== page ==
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Wednesday, August 31, 2011

History Matters: Gosport's Drydock & Planning of CSS Virginia – 150 Years Ago

By Marcus W. Robbins, Code 1100, Blog #14 (written August 21, 2011)

Along the southern branch of the Elizabeth River our stone dock still remains in service today, a testament to its excellent construction that began in 1827.  As I wrote in earlier blogs, Gosport had one of a kind ship building and repair facilities, facilities worth fighting for.    

Gosport's industrial base was the best in the nation.  Without a single shot being fired the Confederates find themselves with an instant naval establishment in summer of 1861.

Gosport's much under-stated value to the fledgling Southern Navy was the capacity to work on a ship in drydock.  Our stone dock gained fame with the first ever dry-docking in the northern hemisphere by receiving the 74 gun Ship of the Line DELAWARE on June 17, 1833 but conditions are so radically different in June of 1861.  A short 28 years later, the muddy burnt hulk of ex-MERRIMAC begins a re-birth into what eventually shall become the CSS VIRGINIA in this same stone dock.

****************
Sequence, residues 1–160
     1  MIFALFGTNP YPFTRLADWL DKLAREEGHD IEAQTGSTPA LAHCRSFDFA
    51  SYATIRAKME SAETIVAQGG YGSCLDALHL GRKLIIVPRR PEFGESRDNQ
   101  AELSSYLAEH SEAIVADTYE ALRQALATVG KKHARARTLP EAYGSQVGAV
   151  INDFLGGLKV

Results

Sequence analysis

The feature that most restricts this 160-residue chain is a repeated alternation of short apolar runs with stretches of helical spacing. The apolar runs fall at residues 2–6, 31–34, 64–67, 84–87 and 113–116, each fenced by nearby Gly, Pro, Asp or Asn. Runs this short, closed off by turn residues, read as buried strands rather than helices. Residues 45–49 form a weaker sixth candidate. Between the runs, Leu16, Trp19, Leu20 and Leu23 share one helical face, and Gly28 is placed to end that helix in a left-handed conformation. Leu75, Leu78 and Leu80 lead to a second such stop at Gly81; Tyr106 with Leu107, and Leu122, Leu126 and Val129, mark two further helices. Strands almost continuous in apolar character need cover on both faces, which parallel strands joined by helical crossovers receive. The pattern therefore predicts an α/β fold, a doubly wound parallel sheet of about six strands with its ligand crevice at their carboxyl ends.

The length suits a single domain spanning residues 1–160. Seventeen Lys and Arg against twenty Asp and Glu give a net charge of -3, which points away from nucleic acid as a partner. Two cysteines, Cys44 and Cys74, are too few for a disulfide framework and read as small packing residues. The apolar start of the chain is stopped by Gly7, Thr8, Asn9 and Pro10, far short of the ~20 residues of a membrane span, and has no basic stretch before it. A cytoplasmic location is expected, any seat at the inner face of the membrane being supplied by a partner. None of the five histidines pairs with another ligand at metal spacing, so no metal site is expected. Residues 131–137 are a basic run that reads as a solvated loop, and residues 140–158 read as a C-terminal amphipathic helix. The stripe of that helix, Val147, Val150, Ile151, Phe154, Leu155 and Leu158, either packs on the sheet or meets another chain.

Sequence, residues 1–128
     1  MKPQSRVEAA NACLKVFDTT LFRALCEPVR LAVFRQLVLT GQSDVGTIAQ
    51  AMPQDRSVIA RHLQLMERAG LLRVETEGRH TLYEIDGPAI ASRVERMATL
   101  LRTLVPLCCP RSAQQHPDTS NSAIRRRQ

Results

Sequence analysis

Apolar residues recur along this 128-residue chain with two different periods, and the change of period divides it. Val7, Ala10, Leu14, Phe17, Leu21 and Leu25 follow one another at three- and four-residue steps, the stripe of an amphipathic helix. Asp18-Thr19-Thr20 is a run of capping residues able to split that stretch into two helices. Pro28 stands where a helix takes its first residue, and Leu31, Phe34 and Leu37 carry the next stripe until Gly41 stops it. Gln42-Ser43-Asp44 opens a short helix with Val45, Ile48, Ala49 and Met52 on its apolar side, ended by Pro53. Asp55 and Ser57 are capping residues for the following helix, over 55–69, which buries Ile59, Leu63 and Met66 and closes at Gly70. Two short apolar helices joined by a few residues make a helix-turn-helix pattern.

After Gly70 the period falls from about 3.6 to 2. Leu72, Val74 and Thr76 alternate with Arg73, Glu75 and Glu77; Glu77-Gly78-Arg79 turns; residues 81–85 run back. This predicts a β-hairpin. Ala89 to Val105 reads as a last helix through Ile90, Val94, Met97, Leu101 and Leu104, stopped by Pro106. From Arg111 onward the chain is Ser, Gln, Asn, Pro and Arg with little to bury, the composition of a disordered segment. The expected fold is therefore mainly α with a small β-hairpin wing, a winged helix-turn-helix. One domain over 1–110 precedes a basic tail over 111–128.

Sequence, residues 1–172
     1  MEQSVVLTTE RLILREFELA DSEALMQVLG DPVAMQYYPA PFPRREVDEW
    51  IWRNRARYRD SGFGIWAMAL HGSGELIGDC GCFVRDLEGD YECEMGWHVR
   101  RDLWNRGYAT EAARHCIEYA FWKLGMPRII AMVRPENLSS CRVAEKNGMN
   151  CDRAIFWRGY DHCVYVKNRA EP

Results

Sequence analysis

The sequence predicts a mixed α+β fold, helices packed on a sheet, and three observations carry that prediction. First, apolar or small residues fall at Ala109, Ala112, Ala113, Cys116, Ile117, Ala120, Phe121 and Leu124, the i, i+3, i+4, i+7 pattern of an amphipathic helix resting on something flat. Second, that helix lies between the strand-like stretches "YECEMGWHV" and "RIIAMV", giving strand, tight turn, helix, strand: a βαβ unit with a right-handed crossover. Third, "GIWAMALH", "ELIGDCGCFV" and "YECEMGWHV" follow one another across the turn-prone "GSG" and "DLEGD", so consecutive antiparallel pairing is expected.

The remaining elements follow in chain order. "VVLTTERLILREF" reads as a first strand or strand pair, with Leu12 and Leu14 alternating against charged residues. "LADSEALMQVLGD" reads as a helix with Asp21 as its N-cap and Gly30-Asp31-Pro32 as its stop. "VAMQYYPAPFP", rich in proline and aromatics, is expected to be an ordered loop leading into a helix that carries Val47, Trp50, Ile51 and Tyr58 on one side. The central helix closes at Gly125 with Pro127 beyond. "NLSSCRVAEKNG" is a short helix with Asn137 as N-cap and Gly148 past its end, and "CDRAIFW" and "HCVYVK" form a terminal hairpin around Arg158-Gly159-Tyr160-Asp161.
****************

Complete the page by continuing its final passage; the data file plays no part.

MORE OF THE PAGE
The dock remains in service today looking much like the photos shown below that were taken in the early 1930's, over 75 years ago.  More importantly for the South, this dock looked the same 150 years ago. 

The following information is from John W. H. Porter's History of Norfolk County 1861-1865 published in 1892. Mr. Mallory, Secretary of the Confederate States Navy, called the attention of the House Committee on Naval Affairs to the subject of iron-clads before the seat of government was removed from Montgomery to Richmond.